space as well as a sound chamber. In the context of “ISEA 2013 Machine Wilderness”,
Hive was deployed at the Alvarado Urban Farm in downtown Albuquerque, where it provided
a context for a shared, acoustic experience between a nearby bee colony and the farm community
and visitors."

http://www.ninadubois.info/works/03_hive/index.htm
7 months ago

Maureen AtsaliI wrote: In my experience in rural areas it has been more than lack of knowledge but a strong prejudice against those foods which are regarded as poverty foods or "old peoples food.".  They are insulted if you serve it to them. .......I have no idea how to overcome that mind set.  



Grant to us the serenity of mind to accept that which cannot be changed
Courage to change that which can be changed
And the wisdom to know the one from the other.
8 months ago

One thing I always wondered about  was:  What would prepared skunk cabbage taste like?
Never got around to it, though.

Many survival manuals claim that if you boil it 3 times-each time in fresh water-that it becomes
edible.

Here is an account from somebody who claims he tried to prepare and eat it:

http://www.nathanielwhitmore.com/blog/skunk-cabbage-is-it-edible-when-cooked

Seems like it might fall under the category as defined in the first Crocodile Dundee movie:

" ...Well, you can live on it, but it taste like shit..."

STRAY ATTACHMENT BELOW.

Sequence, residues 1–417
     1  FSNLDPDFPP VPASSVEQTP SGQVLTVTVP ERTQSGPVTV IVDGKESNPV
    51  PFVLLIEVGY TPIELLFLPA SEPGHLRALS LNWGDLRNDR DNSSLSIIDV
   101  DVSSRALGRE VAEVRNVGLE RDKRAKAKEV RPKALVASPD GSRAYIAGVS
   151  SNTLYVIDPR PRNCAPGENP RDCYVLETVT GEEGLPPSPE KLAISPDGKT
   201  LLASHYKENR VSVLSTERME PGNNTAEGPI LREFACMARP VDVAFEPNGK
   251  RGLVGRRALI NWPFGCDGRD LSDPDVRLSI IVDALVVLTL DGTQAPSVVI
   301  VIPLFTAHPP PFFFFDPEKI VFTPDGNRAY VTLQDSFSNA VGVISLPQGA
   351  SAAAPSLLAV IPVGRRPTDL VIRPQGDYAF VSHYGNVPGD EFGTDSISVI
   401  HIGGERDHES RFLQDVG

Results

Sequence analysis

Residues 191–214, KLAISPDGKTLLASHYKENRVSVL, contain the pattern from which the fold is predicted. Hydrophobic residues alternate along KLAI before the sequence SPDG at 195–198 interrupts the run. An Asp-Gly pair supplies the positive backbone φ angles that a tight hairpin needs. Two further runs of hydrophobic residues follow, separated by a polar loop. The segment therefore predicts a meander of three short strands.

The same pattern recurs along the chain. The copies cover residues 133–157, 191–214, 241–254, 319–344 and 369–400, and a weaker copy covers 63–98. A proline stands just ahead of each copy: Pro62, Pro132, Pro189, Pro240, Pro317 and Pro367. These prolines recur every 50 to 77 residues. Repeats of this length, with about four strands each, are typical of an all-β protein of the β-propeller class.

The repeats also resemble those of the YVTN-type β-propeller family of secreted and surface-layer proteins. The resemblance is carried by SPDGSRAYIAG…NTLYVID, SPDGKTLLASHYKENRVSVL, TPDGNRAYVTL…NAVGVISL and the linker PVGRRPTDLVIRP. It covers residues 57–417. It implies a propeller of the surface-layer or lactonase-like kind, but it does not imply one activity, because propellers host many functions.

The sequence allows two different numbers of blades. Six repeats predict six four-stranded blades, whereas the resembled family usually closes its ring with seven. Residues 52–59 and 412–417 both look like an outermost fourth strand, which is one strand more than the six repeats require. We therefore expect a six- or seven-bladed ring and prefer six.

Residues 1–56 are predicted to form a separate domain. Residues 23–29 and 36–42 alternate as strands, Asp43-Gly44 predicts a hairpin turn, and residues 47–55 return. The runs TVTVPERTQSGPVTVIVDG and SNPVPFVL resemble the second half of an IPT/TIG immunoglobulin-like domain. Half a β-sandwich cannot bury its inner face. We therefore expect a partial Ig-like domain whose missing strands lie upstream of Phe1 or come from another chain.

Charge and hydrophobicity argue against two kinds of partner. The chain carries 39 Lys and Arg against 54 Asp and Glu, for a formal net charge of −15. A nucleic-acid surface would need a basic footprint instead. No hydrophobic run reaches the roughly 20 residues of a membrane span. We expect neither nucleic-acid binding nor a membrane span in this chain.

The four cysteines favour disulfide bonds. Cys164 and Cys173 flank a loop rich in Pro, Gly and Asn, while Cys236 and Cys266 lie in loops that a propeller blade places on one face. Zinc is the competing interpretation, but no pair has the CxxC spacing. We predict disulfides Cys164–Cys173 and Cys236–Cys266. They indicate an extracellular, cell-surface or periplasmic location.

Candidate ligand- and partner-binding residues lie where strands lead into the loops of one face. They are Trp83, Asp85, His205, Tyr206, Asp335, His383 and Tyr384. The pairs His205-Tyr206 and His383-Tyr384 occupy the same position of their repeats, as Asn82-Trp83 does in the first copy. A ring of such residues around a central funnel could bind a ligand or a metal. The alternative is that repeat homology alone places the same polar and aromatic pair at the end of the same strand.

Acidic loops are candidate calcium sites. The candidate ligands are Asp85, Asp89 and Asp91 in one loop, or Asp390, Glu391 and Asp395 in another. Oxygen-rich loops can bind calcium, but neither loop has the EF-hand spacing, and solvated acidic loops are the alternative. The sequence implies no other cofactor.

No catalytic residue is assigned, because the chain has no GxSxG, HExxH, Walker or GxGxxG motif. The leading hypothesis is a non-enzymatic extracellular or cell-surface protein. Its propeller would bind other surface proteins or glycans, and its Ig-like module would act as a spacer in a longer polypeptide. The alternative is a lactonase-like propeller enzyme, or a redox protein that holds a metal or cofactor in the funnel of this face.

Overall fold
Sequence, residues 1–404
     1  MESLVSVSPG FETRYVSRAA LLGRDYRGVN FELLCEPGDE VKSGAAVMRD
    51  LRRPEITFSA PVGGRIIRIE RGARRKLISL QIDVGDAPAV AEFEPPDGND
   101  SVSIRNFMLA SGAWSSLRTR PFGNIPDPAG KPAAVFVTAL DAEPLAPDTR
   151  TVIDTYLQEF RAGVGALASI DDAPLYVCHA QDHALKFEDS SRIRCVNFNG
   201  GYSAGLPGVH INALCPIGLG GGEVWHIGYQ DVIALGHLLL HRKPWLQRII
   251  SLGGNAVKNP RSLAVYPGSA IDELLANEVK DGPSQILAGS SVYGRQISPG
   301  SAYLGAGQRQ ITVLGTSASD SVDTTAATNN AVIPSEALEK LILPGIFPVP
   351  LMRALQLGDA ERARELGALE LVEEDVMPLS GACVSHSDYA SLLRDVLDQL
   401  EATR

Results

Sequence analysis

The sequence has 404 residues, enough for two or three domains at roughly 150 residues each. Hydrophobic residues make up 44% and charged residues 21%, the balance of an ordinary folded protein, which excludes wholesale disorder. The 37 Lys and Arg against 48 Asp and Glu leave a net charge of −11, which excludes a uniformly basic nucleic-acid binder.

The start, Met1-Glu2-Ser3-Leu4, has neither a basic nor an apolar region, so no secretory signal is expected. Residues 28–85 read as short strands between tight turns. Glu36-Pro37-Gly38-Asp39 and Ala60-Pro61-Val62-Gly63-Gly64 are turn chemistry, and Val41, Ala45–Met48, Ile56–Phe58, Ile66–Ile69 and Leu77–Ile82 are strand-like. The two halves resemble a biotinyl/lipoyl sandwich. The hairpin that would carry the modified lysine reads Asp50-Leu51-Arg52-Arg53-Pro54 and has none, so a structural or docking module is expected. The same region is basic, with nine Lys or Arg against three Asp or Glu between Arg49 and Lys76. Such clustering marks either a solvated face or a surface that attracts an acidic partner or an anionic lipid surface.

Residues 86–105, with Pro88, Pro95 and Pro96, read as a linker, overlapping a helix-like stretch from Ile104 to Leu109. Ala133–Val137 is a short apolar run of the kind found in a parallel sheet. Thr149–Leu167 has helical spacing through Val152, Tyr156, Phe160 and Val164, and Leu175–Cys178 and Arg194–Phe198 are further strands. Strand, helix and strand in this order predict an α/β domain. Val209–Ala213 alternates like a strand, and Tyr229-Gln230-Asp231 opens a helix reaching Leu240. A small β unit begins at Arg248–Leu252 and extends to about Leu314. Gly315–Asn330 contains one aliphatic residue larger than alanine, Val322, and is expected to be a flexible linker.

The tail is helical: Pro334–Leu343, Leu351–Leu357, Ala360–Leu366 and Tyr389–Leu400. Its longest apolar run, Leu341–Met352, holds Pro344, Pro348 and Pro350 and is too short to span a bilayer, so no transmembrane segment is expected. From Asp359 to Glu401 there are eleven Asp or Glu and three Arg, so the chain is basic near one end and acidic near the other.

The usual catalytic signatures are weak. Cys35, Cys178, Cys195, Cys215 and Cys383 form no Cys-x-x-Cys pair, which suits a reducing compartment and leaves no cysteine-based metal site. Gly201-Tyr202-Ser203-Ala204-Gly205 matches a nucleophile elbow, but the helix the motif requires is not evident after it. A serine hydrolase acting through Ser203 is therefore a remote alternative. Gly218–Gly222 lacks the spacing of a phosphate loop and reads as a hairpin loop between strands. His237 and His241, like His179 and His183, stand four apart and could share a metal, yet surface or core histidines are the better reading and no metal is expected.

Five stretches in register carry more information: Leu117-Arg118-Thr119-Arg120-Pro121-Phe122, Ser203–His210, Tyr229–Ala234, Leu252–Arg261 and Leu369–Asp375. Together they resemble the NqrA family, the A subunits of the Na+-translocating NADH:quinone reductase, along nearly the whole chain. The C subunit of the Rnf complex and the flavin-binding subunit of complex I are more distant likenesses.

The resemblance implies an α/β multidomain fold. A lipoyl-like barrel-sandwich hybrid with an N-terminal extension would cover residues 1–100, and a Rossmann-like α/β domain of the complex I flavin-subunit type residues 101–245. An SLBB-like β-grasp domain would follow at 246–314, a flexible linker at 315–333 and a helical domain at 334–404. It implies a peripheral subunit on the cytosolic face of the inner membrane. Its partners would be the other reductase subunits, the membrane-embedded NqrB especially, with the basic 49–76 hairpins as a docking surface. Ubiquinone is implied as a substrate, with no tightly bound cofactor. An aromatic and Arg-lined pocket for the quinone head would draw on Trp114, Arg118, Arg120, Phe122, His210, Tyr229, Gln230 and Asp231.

8 months ago


there was a research study done several years ago in the province of Alberta. A group of First
Nations people were put into 2 separate groups.  One group ate "normally" and the other group
ate only food that was present before the coming of the white man.

The "normal" group continued to suffer from obesity and type 2 diabetes, while the other group
which ate "wild" food lost weight and many of the members were able to get off their diabetes
medication.

Unfortunately, I can not find any reference to that study....maybe I'm not looking in the right places?
Sometimes I miss the ability just to log into university servers as a guest and use the "gopher"
command to try to find the info....but I guess the trade-off is being able to use something faster
than a Commodore 64 with a floppy drive and 1200-baud phone-line modem.....
8 months ago

Lucrecia Anderson wrote:Errrmmm...I think people/cultures have a real aversion to ADMITTING to cannibalism.




The theory is that most animals eat their placenta after giving birth in order to hide the fact
that they just gave birth from predators.  Found two separate opinions about people
doing it....

https://www.webmd.com/baby/should-i-eat-my-placenta#1

Your placenta: You could dry it and put it in pills. You could stir-fry it with onions. You could
even eat it raw in the delivery room.

https://nationalpost.com/health/placenta-pills-eating-it-is-
risky-and-bordering-on-cannibalism-doctors-say

In an email interview, Dr. Alex Farr, of the Medical University of Vienna said that while some
might find his reference to cannibalism offensive, “from a medical perspective, the placenta
carries the fetal genome and therefore it belongs to the baby. It is up to every individual
whether he or she considers eating human, genetically-different tissue as cannibalism or not.”

Middle to upper class white women with relatively high incomes and education are among the
most frequent consumers of placenta, he said. “This might be due to the fact that these women
have access and frequently follow (pseudo) fashionable trends and often prefer esoteric and alternative medicine.”
8 months ago